Jams and Jellies

June 28, 2012 § Leave a comment

It was early in the morning when I was awoken by the most startling dream. During the night, I reluctantly conjured images of my apartment door being kicked in by an unknown knife-wielding assailant. I sprinted toward the foyer to stop the intruder and we engaged in a hand-to-hand melee, knocking over a vase my aunt had gifted me as well as a coat rack and umbrella stand I obtained from the flea market. An attempt to utilize a parasol in my defense was foiled and I was overpowered by the stranger. He knocked me unconscious where I experienced a brief dream within a dream in which I was the captain and sole passenger of a sinking ship carrying cheese.

Some time later, I awoke in the original dream world and found myself lying in a tub filled with ice. My body was numb and shaking uncontrollably, rattling the ice against the cast iron walls of my bath. I could feel no pain but was horrified at the sight of frozen blood, which had coagulated around my abdomen. I awoke once again and found I had returned to the real world, only to be greeted by the silence of my empty apartment and the crushing loneliness it implies.

Feeling peckish after such an ordeal, I head to the kitchen for a proper breakfast. I find myself craving prawns and mayonnaise, but decide that is better left for lunch and instead prepare a simple serving of toast and conserves. I open the cupboard above the sink and rummage though the various jams and jellies available. The strawberry jam seems particularly luring, so I pull a knife from the drawer below and twist open the lid.

I notice a bit of staining on the knife and toss it into the basin before grabbing a clean one. The blade sinks easily into the jar, swirling and scooping and spreading the mixture onto my toast. Taking a large bite while sitting down at the table, I notice an odd texture in my breakfast choice. The taste also seems incorrect. At first there is a light sugary flavor, but it is immediately replaced by a harsh iron zest that makes my jaw ache.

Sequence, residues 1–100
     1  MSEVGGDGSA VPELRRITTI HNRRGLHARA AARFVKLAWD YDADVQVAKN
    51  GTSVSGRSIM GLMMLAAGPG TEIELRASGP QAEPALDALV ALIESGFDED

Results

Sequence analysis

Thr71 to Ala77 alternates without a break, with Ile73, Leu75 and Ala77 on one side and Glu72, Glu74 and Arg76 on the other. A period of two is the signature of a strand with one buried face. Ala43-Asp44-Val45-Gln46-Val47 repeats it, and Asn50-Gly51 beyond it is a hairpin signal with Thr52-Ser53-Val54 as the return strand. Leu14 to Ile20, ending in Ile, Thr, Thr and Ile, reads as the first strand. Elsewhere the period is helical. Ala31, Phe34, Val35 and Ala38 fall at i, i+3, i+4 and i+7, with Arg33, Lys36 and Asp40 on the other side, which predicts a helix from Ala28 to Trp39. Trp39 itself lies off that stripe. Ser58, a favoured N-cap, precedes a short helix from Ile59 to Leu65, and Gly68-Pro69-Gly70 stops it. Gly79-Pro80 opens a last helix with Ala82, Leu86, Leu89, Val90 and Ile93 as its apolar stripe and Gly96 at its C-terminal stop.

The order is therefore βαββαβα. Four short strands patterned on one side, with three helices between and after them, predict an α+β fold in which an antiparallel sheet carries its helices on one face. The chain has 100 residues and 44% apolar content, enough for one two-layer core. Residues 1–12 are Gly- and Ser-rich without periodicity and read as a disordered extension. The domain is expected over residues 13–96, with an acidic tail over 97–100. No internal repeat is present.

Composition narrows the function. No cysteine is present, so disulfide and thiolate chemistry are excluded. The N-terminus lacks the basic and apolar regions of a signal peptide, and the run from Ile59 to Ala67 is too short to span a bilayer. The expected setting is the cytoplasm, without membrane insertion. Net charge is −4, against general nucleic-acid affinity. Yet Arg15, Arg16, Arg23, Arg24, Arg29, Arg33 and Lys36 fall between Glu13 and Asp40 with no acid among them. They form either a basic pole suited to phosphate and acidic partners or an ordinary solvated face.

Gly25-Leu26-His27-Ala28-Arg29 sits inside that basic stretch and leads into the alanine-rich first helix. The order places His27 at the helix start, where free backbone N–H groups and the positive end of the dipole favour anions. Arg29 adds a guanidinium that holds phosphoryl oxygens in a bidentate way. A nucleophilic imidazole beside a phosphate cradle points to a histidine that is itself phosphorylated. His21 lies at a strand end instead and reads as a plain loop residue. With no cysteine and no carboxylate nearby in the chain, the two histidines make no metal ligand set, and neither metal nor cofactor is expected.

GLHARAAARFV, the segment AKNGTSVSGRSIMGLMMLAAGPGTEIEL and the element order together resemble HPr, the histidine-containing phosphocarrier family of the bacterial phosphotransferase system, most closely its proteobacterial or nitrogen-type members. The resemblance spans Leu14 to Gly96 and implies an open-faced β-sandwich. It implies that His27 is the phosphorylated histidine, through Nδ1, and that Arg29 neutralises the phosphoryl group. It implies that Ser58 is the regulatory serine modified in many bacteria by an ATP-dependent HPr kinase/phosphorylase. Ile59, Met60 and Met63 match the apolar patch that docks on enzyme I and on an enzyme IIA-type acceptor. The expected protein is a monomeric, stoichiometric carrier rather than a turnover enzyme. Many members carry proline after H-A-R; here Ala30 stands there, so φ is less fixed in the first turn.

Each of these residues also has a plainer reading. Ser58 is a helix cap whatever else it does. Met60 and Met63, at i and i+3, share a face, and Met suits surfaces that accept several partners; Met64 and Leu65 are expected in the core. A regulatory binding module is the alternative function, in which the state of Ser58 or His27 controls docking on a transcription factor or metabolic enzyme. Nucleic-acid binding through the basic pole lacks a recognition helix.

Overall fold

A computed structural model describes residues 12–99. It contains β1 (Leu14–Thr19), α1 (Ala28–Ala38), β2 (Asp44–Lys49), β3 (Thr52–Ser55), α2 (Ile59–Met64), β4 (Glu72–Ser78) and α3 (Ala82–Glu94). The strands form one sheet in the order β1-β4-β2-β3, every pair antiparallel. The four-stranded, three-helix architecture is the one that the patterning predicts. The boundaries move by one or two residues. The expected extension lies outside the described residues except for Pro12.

I force the bite down without fully chewing and look back at the jar on the counter. As the chewed disgusting mass works its way down my esophagus and into my stomach, I feel a sharp and debilitating pain within my torso. I clutch the region through my shirt and nearly collapse to my knees as a red stain fills the fabric that is weaved between my fingers. I look around for aid but see only droplets of blood scattered about the kitchen and hallway. My one free arm desperately drags my body toward the fridge, leaving a large swath of blood in the wake of my feet. I manage to shimmy myself up against the ice box and pry open the door. It is my hope that freezing the wound will numb the pain enough for me to make it to a hospital.

The freezer is completely barren, save for several stacks of empty blue ice trays. I look back at the jar on the counter, then at the breakfast on the table. My vision blurs as I slowly cascade into the growing puddle of blood at my feet. As I gradually slip into repose, I am again reminded of the silence my apartment bares and the crushing loneliness it begets. I reach out into the dimming dawn, toward the toast and jam, hoping for one last morsel of human interaction.

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